Bann’s belief that nineteenth-century images lacked political import leads him to overlook key aspects of some works. For example, consider George Cattermole’s design for a book illustration, Cromwell Before the Coffin of Charles I.‍[5] As Bann notes, this engraving clearly responds to Delaroche’s influential image of Cromwell contemplating the corpse of Charles I, which circulated widely through exhibition and reproduction (fig. 1). Bann acknowledges that Cattermole’s later depiction of the same scene provides “novelty” but overlooks the ways the artist transforms his precedent to substantive effect (217). Delaroche depicts a direct corporeal confrontation between Cromwell and the former monarch. In Cattermole’s image, by contrast, the body is not visible (fig. 2). Instead, Charles appears restored to elegant life, in the form of a painted portrait hovering over Cromwell’s shoulder. This gesture reverses the power dynamic of Delaroche’s motif, making Charles seem to gaze on Cromwell, rather than vice versa. The king has been killed; the king cannot be killed. This image of the persistence of monarchy had direct political relevance for nineteenth-century Britons, particularly in the 1840s, a decade of widespread economic hardship, famine in Ireland, and Chartist demands for reform.‍[6] Images of the Civil War perpetuated a myth of England as beyond conflict, its regicides safely in the past—belying contemporary realities such as social dislocation caused by industrialization or the foundation of the nation’s wealth on imperialist violence. Nor were such messages limited to prints or paintings. As Bann notes, during the nineteenth century Londoners decorated the resurrected statue of Charles I on the anniversary of the Restoration. But he also asserts that “it is hard to imagine that this act held any great political significance” (210).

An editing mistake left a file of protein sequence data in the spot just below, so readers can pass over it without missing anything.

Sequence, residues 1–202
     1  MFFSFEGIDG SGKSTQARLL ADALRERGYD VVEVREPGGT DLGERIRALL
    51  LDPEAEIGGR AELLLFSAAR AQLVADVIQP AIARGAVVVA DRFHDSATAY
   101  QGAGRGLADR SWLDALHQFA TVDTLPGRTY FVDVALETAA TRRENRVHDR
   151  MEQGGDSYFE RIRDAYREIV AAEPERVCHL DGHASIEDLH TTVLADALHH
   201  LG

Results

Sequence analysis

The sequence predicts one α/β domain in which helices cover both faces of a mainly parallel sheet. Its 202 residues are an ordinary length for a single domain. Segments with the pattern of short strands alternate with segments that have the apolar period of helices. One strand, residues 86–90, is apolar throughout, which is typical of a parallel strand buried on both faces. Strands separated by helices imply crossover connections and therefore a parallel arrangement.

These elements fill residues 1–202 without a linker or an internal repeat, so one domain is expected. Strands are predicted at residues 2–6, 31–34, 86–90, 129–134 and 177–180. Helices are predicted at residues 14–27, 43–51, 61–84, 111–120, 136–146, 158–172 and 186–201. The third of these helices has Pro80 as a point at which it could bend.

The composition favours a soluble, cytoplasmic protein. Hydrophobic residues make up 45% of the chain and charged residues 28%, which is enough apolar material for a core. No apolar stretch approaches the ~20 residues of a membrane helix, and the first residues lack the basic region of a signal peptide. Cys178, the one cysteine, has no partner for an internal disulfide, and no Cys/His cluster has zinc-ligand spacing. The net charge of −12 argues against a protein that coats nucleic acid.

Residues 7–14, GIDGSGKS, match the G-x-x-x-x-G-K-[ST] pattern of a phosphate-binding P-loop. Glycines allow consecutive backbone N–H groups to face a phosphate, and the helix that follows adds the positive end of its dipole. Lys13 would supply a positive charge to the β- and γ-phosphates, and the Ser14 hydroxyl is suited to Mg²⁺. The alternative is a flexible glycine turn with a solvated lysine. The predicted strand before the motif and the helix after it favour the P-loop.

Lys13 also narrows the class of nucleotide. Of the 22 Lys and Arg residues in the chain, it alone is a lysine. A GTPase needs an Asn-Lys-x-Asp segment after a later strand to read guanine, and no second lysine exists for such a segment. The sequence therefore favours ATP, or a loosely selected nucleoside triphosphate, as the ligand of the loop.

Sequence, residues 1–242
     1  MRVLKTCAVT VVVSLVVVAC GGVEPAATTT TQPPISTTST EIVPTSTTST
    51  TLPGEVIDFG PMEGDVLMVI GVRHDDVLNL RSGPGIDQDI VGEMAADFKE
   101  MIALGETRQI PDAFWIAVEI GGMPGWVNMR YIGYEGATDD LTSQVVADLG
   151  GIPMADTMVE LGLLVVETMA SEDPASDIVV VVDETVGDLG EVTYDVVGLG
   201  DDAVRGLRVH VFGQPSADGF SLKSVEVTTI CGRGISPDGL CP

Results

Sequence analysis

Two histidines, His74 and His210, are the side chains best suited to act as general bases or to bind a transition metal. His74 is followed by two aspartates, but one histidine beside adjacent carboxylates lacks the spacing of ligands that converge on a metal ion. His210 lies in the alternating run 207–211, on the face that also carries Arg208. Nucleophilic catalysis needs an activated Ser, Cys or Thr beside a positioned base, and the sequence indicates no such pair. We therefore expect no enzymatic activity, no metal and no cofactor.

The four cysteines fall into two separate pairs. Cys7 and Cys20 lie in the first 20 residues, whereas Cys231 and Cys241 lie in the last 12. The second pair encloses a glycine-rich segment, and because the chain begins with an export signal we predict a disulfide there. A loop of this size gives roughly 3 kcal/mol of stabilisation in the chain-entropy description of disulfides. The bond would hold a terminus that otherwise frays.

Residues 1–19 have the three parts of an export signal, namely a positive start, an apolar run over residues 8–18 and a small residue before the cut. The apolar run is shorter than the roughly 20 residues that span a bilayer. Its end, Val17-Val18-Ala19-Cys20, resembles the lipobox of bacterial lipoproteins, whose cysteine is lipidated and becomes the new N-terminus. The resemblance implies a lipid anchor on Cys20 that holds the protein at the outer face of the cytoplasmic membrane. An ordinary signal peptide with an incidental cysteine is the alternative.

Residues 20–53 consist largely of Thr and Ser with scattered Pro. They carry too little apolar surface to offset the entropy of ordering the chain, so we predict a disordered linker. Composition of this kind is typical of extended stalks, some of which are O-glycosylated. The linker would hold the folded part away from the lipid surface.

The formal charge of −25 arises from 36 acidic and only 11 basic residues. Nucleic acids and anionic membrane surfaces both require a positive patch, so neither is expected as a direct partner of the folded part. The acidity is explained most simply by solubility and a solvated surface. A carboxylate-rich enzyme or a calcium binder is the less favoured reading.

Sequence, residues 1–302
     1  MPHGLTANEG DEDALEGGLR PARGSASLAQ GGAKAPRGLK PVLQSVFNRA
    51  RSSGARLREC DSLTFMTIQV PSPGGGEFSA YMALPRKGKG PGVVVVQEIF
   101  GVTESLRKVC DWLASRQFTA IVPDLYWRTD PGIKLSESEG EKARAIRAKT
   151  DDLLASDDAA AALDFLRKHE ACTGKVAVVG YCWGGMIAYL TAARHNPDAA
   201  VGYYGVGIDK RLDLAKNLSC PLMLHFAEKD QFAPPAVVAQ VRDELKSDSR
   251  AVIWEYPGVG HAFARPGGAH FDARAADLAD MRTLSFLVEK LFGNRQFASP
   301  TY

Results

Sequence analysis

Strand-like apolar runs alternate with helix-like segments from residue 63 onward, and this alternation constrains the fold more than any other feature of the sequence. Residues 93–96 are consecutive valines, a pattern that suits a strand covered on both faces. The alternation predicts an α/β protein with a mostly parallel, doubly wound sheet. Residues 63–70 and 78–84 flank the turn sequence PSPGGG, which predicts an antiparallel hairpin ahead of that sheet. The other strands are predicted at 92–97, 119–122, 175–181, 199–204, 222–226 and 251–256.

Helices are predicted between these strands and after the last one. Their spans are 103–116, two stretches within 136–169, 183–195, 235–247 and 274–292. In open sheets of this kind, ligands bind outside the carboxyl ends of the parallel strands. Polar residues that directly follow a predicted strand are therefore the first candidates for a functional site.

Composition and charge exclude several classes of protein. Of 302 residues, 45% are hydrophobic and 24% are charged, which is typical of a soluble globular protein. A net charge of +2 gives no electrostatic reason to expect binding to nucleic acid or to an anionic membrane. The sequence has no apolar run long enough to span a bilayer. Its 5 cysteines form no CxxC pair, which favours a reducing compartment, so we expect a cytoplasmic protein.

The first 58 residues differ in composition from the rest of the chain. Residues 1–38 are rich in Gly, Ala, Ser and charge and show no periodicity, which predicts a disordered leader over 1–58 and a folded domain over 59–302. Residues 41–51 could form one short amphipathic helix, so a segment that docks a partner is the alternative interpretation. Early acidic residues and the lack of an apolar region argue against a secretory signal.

Turning to Bellion’s book, we learn that such acts could in fact have profound political significance on both sides of the Atlantic. Far from drawing a distinction between Britain and North America, Bellion shows how shared cultural practices, including the ritual decoration and desecration of sculptures, linked the imperial metropole with its present and former colonies. Iconoclasm in New York invites us to think of sculptures and other civic monuments as things in space, but also things in society, both acting and acted upon. Moving from the destruction of the statue of George III in the late eighteenth century to its recreation in the nineteenth and twentieth centuries, Bellion’s book incorporates a truly impressive range of materials, including sculptures, bullets, caricatures, broadsides, parades, postcards, and political protests. Particularly important as a model for art history, she also draws on the field of performance studies. Bellion treats “iconoclasm as a performative phenomenon” that resonated over several centuries, its political valences evolving over time (5). The book “asks why Americans destroyed the statue of George III in 1776—and why they keep bringing it back” (3). In the eighteenth century, embodied interactions with sculptures produced physical fragments that were treated variously as trophies, relics, and instruments of war; these events were then commemorated in paintings and prints, flat art that provided the template for later performances, including costumed reenactments and tableaux vivants. Meticulously researched and vividly written, Iconoclasm in New York provides a model for the field, demonstrating that the practice of art history can be at once expansive in scope and highly specific in its claims.